The story of the OAE Mafia’s inception is an interesting one, as the student section was formed between the two schools during the pandemic when students weren’t allowed inside the gates at stadiums across the state. District guidelines didn’t stop the O-A/E fans, which began flocking to O-A/E United girls soccer games last season. The OAE Mafia finally reached its complete evolution this year when the gates were reopened.

“We did our own little thing last year, and this year when we were finally able to get into games, we came together like never before,” said Yasses.

While The Cavalry and the OAE Mafia have splashed onto the scene this fall season, plenty of other local athletic programs have been backed by solid contingents of student support.

In Batavia, the Blue Zoo was established in the mid-2000s and is one of the area’s longest-standing student sections. The Zoo has withstood the test of time and, to this day, shows quality numbers at Blue Devils sporting events. One recent trademark of the Blue Zoo this season has been the use of air horns, which at times has been relentless.

“The Blue Zoo is the heartbeat of our home games,” said Batavia football coach Brennan Briggs. “There’s no greater experience than playing high school football under the lights on Friday night in front of all your classmates and schoolmates. It makes it extra special when the Zoo gets rowdy like they have at our home games this year. It’s a huge part of what high school sports are all about. “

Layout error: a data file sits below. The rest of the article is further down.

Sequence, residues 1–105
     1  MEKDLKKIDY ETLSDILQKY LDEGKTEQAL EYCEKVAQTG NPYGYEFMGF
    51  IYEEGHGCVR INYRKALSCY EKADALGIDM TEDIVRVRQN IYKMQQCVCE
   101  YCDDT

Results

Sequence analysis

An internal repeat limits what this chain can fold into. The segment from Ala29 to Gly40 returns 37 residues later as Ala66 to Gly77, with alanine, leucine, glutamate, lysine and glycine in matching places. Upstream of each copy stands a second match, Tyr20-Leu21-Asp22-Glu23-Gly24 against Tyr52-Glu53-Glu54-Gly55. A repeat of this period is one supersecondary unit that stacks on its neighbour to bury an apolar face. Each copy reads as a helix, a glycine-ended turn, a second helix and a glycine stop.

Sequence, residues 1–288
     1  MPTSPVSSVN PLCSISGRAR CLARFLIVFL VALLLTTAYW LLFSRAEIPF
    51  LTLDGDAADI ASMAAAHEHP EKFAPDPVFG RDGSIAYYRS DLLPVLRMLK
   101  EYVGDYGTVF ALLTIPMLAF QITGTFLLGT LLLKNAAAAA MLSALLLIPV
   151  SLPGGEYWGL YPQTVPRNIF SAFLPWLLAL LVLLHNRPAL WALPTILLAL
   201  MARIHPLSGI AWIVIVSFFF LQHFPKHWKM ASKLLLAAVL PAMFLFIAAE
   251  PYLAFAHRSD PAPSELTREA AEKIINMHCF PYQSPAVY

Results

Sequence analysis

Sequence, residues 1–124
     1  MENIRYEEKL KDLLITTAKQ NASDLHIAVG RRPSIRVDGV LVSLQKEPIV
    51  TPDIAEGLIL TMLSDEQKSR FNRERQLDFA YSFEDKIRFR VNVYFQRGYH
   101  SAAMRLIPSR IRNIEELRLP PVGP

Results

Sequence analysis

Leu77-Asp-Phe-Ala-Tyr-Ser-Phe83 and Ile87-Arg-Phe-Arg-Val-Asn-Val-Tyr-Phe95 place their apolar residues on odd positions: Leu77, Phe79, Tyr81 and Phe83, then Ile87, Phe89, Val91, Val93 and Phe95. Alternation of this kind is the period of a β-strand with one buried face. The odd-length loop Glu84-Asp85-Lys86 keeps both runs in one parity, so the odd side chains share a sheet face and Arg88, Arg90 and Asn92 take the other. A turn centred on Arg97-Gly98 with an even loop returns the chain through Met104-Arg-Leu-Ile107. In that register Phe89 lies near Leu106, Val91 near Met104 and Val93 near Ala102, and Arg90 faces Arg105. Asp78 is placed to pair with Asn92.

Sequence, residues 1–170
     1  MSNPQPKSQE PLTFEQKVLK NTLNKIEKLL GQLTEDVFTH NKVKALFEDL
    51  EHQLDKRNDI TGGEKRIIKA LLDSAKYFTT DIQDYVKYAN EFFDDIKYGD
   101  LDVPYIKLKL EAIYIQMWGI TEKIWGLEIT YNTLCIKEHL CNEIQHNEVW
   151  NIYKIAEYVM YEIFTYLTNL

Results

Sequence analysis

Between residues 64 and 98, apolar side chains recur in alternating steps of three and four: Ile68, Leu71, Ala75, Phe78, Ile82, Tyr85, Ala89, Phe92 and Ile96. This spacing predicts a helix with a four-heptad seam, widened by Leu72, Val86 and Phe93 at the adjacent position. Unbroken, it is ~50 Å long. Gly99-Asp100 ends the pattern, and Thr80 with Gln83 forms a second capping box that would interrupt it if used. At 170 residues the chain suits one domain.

From an athlete’s perspective, the rush one feels from a sizable student section calling one’s name can be significant.

“It makes playing a whole lot more fun,” said Le Roy senior Adam Risewick. “When you make a big play, and the crowd gets real loud, it’s awesome.”

Another long-standing student section, the Cal-Mum/Byron-Bergen Raider Regime, has been present this season in cheering on its team.

In the early stages of the ‘21-’22 high school sports season, it’s been a joy watching the return of capacity crowds, and more specifically, student sections across Section V.

A pandemic-stricken year not only changed the athletes and coaches — it also changed the fans. And thus far, during the 2021 season, perhaps that time away caused a change for the better, as we have seen these student sections take on new life this fall campaign.

You know what they say — absence makes the heart grow fonder. And that seems to have been the case with The Cavalry, OAE Mafia and other fan groups throughout the region that have stormed back after a year away

Johnson Newspapers 7.1